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Unbroken: A World War II Story of Survival,…

Unbroken: A World War II Story of Survival, Resilience, and Redemption (2010)

by Laura Hillenbrand

Other authors: See the other authors section.

MembersReviewsPopularityAverage ratingMentions
7,052477511 (4.45)444
  1. 50
    Ghost Soldiers by Hampton Sides (phm)
    phm: Nonfiction but reads like fiction and tells of a heroic plot by US Rangers to rescue Allied soldiers from a Japanese POW camp.
  2. 30
    The Boys in the Boat: Nine Americans and Their Epic Quest for Gold at the 1936 Berlin Olympics by Daniel James Brown (terran)
    terran: Both books deal with participants in the 1936 Olympic Games in Berlin and with personal stories of individuals growing up in that time period. Both are incredible true stories that read like fiction.
  3. 30
    The Long Walk: The True Story of a Trek to Freedom by Slavomir Rawicz (clif_hiker)
  4. 20
    Tears in the Darkness: The Story of the Bataan Death March and Its Aftermath by Michael Norman (TooBusyReading)
    TooBusyReading: Another remarkable story about survival during WWII, about what humans can do to one another.
  5. 10
    A Train in Winter: An Extraordinary Story of Women, Friendship, and Resistance in Occupied France by Caroline Moorehead (srdr)
    srdr: A well-told story with similar themes…WW II survival, friendship under difficult conditions.
  6. 10
    We die alone by David Howarth (srdr)
    srdr: Jan Baalsrud's incredible survival and escape from Nazi-occupied arctic Norway.
  7. 10
    The Forgotten 500: The Untold Story of the Men Who Risked All for the Greatest Rescue Mission of World War II by Gregory A. Freeman (HistoryNutToo)
  8. 10
    Flyboys: A True Story of Courage by James Bradley (whymaggiemay)
    whymaggiemay: both examine prisoners of the Pacific islands
  9. 10
    Devil at My Heels by Louis Zamperini (Stbalbach)
    Stbalbach: Louis Zamperini's autobiography published in 2003, with intro by John McCain.
  10. 11
    So Close to Home: A True Story of an American Family's Fight for Survival During World War II by Michael J. Tougias (Othemts)
  11. 00
    What It Is Like to Go to War by Karl Marlantes (TooBusyReading)
    TooBusyReading: Based on the author's experiences, starting with the Vietnam war. Gave me lots of insight into war and warriors.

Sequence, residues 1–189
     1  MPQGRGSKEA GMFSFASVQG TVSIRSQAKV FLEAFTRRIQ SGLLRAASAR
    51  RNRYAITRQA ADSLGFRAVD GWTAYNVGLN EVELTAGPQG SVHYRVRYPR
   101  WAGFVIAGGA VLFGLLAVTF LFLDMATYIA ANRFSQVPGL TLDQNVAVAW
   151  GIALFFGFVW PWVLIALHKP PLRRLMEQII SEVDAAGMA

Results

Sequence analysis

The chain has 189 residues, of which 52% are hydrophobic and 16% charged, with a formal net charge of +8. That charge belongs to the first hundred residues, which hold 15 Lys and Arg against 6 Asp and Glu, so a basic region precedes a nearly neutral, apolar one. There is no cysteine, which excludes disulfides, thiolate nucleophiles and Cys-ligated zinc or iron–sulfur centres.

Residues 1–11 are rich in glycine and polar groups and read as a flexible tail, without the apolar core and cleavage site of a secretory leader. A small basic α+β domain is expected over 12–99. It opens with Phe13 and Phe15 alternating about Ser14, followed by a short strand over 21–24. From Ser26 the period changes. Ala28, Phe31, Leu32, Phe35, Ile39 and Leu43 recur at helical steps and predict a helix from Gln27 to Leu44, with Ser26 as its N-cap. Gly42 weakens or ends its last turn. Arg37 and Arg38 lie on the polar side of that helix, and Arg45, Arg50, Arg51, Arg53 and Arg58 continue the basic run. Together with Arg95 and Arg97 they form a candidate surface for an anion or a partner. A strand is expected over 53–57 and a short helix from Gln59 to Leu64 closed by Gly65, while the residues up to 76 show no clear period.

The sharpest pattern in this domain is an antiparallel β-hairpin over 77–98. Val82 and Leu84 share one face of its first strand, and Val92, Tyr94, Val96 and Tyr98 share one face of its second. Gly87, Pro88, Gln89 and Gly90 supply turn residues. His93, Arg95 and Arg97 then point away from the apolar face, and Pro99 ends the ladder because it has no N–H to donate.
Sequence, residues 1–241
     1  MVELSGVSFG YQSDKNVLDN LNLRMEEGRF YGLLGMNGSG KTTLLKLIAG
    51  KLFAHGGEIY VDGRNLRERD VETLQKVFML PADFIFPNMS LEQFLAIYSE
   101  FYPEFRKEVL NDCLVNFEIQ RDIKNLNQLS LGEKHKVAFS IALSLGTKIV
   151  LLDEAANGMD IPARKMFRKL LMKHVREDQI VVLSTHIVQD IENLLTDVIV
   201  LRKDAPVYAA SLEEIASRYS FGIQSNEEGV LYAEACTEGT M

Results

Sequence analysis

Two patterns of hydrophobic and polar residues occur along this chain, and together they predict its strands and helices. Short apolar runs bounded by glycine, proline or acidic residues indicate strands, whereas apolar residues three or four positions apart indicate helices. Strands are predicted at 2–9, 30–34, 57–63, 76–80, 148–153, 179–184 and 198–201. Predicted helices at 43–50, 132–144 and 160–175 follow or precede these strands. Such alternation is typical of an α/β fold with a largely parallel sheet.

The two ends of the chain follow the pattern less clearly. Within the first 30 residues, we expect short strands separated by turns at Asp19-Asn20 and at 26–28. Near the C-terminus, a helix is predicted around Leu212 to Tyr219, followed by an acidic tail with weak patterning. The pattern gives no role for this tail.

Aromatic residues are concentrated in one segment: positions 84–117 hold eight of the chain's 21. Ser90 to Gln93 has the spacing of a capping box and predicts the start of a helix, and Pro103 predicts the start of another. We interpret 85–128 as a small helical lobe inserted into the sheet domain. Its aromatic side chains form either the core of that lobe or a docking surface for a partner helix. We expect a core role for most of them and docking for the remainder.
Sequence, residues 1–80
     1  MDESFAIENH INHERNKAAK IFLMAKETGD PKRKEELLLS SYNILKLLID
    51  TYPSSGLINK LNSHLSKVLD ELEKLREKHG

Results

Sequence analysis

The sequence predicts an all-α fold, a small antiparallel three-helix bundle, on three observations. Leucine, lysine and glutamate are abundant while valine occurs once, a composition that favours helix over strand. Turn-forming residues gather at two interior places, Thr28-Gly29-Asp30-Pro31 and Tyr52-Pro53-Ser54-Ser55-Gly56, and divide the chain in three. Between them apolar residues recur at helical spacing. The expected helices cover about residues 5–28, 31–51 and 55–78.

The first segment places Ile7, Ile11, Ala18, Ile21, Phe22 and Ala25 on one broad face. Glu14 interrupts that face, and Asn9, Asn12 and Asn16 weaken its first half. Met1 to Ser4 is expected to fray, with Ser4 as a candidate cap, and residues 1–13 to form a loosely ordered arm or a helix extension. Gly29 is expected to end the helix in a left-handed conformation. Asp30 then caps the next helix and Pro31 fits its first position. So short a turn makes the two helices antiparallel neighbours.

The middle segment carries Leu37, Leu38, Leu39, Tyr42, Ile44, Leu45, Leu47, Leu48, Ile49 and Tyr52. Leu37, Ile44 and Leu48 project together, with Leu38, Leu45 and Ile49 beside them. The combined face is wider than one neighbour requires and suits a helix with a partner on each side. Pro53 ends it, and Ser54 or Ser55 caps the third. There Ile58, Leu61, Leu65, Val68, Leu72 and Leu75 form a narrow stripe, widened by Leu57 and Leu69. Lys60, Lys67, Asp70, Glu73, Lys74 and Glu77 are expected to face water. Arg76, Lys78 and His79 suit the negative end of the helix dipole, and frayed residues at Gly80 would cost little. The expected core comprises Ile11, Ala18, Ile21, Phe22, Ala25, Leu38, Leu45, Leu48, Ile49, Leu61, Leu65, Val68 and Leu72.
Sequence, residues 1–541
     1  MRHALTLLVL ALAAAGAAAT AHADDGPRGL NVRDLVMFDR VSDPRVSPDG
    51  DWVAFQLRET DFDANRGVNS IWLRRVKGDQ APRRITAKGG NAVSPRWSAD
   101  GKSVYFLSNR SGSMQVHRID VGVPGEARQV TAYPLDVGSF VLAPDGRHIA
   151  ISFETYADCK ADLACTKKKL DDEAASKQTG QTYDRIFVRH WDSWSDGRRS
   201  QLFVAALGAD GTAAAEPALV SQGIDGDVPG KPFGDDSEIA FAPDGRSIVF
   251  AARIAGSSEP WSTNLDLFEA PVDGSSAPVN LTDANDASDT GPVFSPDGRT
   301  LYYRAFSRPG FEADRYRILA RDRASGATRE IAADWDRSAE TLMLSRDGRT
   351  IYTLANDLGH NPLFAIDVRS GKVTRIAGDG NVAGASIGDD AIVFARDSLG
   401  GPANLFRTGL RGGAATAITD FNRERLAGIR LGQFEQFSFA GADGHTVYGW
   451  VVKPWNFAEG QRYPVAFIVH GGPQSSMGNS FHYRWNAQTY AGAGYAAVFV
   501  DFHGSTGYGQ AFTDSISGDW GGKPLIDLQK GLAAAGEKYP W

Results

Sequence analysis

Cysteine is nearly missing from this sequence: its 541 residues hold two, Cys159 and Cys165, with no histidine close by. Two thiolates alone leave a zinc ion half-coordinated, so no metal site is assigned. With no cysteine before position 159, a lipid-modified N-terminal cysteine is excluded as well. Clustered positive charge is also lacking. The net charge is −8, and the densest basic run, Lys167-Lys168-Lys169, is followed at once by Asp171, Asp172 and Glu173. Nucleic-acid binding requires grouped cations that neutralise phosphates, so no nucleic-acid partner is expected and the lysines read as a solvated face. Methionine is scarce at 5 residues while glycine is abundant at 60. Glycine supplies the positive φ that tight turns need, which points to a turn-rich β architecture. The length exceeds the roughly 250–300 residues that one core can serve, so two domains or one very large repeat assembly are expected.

12. 00
    Frozen in Time: An Epic Story of Survival and a Modern Quest for Lost Heroes of World War II by Mitchell Zuckoff (srdr)
    srdr: A gripping, non-fiction story of a WW II airplane crash on Greenland.
  13. 00
    Once Upon a Town by Bob Greene (cransell)
    cransell: An uplifting true story about World War II. Perhaps a good read after the harsh experiences in Unbroken.
  14. 00
    Road to Valor: A True Story of WWII Italy, the Nazis, and the Cyclist Who Inspired a Nation by Aili McConnon (sboyte)
    sboyte: Athletes and their experiences in the second World War.

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Showing 1-5 of 476 (next | show all)
Real eye opener about many facets of life in the first half of the 20th century. Following this amazing American life teaches you a thousand things about America, the Olympics, WWII, Japan. etc. ( )
  ikeman100 | May 9, 2017 |
Unbroken is the life story of Louis (Louie) Zamperini. The story is truly incredible as is chronicles his life growing up in California in the 1920’s where he always finds himself in trouble and running is his outlet to rid him of his thieving ways. Louie eventually earned a spot on the United States Olympic Track and Field team where he competed in the 1936 Berlin Olympics in the 5,000-meter race. Although young by Olympic standards, Louie finishes the best among any of the American participants in the race. From his experience in the 1936 Olympics, Louie is primed to be a medal contender in the 1940 Tokyo Olympics. Between those two Olympic games, World War II breaks out and Louie joins the United States Army where he is on a bomber crew in the Pacific Theatre. One day when doing a routine mission, Louie and his crew experience engine failure and wreck in the middle of the Pacific Ocean. Louie and another airman ultimately survive for 47 days in the Pacific Ocean. They are captured by the Japanese and Louie is taken to Japan as a prisoner of war. Louie goes through many hardships in captivity mainly the beatings he takes from the head of the camp, a man known as Bird. When the war ends, Louie is sent back to the United States and he goes through a tough time with his PTSD because of his time in captivity in Japan. Louie eventually finds God and forgives all who wronged him during the war when he was in captivity. This was an incredible book. The story of Louie Zapperini was so intriguing it was almost too unreal to be true. Going from an elite Olympic runner who dreamed of gold in the 1940 Tokyo Olympics that never happened to becoming a Japanese prisoner of war was of great irony. After comparing the book to the movie, the movie left out one major part of the book. In the book, Louie’s biggest challenge in life was overcoming the trauma he received as a POW. In the movie, his biggest challenge was surviving the war. Great book to teach students about Japanese captivity. Good book to learn about World War II fighter crews and also a good book to teach about persevering through hardships.
  dennehycm32 | Apr 10, 2017 |
What more can be said about this great book? I will never understand how people could have survived what they went through as POWs in Japan.